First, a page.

Spain rocked by far-right win

The Phnom Penh Post - - WORLD -

THE f irst suc­cess of a far-right part y i n a reg iona l elect ion si nce Spa i n’s re­turn to democ­racy in 1975 has shaken na­tiona l pol­i­tics ahead of a busy elec­tora l sea­son.

Prime Min­is­ter Pe­dro Sanchez’s So­cial­ists were set to lose con­trol of south­ern An­dalu­sia, which it has gov­erned for over three decades, af­ter Vox took a sur­prise 12 seats in a re­gional elec­tion on Sun­day. That handed a ma­jor­ity to right-wing par­ties in Spain’s most pop­u­lous re­gion.

It was Sanchez’s first elec­toral test since tak­ing of­fice in June af­ter win­ning a vote of no-con­fi­dence against the con­ser­va­tive Pop­u­lar Party (PP) gov­ern­ment of Mar­i­ano Ra­joy over a cor­rup­tion scan­dal.

Top-sell­ing daily El Pais ca lled t he resu lts a n “ea r t hqua ke” which has cha nge d t he “nat iona l pol it ic a l panorama”.

On Mon­day evening, hun­dreds protested against the emer­gence of Vox in sev­eral cities in An­dalu­sia, in­clud­ing Seville and Malaga, videos posted on­line by In­ter­net users and Span­ish me­dia showed.

The vote kicks off a se­ries of polls with mu­nic­i­pal, re­gional and Euro­pean elec­tions slated for May, and an early gen­eral elec­tion widely ex­pected next year.

Vox, which takes a hard line against il­lega l im­mi­gra­tion and Cata­lan sep­a­ratism, is t he f irst fa r-right part y to win rep­re­sen­ta­tion in a re­giona l par­lia ment in Spa in since t he count r y re­turned to democ­racy fol­low ing the death of long­time dic­ta­tor Fran­cisco Franco in 1975.

With its 12 law­mak­ers, Vox could now play a king­maker role in the for­ma­tion of a gov­ern­ing coali­tion in An­dalu­sia.

“We’ve got the mes­sage from cit­i­zens,” tweeted An­dalu­sia’s So­cial­ist pres­i­dent Su­sana Diaz, who faces an up­hill strug­gle to re­main as re­gional leader.

“Now it’s about . . . stop­ping the gov­ern­ment of An­dalu­sia from de­pend­ing on an ex­trem­ist, sex­ist, ho­mo­pho­bic and racist part y,” she said, adding she would ne­got iate wit h pol it ica l group­ings.

Sanchez, who heads a mi­nor­ity na­tional gov­ern­ment that has strug­gled to garner op­po­si­tion party sup­port to pass its draft 2019 bud­get, vowed to de­fend democ­racy.

“The re­sults in An­dalu­sia strengthen our com­mit­ment to de­fend the con­sti­tu­tion and democ­racy from fear,” he said in a Twit­ter mes­sage on Mon­day, his first re­ac­tion to the poll re­sults.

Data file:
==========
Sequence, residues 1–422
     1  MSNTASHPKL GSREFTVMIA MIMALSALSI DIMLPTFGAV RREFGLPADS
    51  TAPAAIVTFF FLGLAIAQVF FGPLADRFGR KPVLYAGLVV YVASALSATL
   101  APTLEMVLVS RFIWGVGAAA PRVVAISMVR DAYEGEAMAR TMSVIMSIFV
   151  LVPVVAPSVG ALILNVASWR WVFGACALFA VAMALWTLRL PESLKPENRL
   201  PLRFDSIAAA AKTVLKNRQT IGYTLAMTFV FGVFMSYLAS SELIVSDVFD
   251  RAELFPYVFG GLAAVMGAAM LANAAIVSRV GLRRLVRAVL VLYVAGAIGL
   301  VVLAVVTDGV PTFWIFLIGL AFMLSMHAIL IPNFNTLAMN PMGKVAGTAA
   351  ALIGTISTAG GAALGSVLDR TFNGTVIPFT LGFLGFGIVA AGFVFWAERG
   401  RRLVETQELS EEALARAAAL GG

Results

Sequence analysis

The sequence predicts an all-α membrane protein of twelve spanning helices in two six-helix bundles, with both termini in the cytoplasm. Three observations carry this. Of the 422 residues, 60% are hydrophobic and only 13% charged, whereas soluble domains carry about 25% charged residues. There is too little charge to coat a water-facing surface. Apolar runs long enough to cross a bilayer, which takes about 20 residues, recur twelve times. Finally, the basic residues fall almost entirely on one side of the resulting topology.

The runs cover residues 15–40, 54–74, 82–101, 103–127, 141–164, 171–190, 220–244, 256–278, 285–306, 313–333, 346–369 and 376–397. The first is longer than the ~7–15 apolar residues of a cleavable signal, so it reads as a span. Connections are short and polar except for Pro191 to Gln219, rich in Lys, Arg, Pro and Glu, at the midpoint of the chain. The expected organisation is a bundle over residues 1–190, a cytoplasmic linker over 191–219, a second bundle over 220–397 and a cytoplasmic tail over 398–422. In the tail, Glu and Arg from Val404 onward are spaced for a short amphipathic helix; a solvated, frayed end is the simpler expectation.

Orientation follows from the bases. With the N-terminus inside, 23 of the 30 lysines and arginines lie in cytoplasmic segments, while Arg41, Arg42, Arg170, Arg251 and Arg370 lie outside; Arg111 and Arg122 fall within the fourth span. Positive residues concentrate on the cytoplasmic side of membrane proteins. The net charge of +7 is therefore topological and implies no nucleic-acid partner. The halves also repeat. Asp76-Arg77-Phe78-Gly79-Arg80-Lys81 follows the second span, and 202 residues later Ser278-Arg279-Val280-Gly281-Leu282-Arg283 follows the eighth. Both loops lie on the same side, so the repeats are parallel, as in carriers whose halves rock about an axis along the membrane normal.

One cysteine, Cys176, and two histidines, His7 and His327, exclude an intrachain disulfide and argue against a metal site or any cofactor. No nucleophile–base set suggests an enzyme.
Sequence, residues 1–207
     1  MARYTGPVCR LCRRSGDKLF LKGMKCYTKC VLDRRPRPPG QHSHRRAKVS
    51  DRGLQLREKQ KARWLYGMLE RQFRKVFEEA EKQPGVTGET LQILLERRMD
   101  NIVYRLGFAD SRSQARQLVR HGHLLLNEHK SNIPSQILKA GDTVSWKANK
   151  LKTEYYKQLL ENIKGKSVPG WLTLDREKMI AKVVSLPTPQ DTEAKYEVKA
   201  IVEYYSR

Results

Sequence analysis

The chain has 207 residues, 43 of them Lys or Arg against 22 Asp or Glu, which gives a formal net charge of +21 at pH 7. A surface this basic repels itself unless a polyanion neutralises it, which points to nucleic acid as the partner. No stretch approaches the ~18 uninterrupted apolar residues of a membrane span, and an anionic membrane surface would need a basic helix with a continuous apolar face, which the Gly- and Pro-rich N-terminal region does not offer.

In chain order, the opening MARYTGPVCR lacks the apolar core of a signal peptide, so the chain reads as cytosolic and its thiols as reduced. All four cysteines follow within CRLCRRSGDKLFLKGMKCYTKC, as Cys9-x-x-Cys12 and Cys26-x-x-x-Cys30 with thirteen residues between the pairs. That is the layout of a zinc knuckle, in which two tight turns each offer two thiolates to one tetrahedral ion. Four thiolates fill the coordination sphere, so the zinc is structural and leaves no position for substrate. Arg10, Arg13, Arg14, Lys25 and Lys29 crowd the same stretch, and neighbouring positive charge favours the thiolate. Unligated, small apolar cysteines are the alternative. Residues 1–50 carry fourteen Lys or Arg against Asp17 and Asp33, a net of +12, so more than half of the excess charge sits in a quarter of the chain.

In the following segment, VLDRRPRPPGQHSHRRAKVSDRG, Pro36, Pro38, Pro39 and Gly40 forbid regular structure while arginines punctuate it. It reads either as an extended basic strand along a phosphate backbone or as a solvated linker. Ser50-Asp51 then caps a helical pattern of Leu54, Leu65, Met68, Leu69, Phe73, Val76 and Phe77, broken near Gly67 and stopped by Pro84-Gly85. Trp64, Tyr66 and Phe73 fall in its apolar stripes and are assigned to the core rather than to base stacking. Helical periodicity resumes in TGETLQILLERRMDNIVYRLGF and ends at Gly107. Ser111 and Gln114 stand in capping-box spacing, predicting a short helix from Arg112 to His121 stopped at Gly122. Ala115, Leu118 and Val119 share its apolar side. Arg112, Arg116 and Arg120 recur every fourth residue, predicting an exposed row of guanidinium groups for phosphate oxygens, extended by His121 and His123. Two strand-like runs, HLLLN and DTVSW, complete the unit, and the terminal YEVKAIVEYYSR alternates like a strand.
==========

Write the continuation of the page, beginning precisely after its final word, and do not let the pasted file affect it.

Fer­nando Valle­spin, a po­lit­ica l sci­en­tist at the Au­ton­o­mous Uni­ver­sit y of Madrid, said Spain had “ceased to be t he ex­cep­tion in Europe”, where fa r-right part ies have a lready made ga i ns i n count r ies l i ke Ita ly where they now gov­ern.

But un­like other Euro­pean na­tions, where the rise of far-right par­ties has been fu­elled by anti-im­mi­grant and anti-EU plat­forms, Vox owes its gains largely to its fierce de­fence of Span­ish unity, he said.

The elec­tion in An­dalu­sia was the first out­side Cat­alo­nia since last year’s failed in­de­pen­dence push and it “has had the ef­fect that many feared”, said Va l lespi n : t he rev iv a l of ex t reme Span­ish na­tiona lism.

Vox has ca l led for i nde­pen­dence pa r t ies to be ba nned a nd wants to cen­tralise power by putting an end to re­giona l gov­ern­ments.

‘Re­con­quer­ing starts in An­dalu­sia’

The cen­tre-right Ci­u­dadanos, which also takes a tough stance against Cata­lan sep­a­ratism, saw its rep­re­sen­ta­tion rise by 12 seats to 21 in An­dalu­sia’s 109seat par­lia­ment.

Vox, which was formed in 2013, hopes to build on its win in the up­com­ing elec­tions and an­a­lysts said it had room to grow.

“The Re­con­quista [re­con­quer­ing] starts in An­dalu­sian lands and will ex­tend across all of Spain,” the party said in a Twit­ter mes­sage on Sun­day night. That was a ref­er­ence to a long se­ries of medieval wars waged to re­cap­ture ter­ri­tory from the Mus­lims who oc­cu­pied most of the Ibe­rian Penin­sula in the early 8th cen­tury.

“This part y will sta rt to quick ly rise in t he polls at t he na­tiona l level, and have t he ca­pacit y to set t he agenda,” said Pablo Si­mon, a po­lit­ica l sci­ence pr ofe s s or at Mad r id’s Ca r los I I I uni­ver­sit y.

Vox will “with­out a doubt” win seats in next year’s lo­cal and Euro­pean elec­tions and could win 5-6 seats in the next na­tional elec­tion, he said.

Sanchez could now call snap polls “to try to mo­bilise left-wing vot­ers with the fear of the far right”, but this risks giv­ing rise to a con­ser­va­tive gov­ern­ment at the na­tional level made up of the PP, Ci­u­dadanos and Vox, Si­mon said.

“It is a com­pli­cated sit­u­a­tion and I don’t know what is the best option to re­solve this dilemma,” he added.

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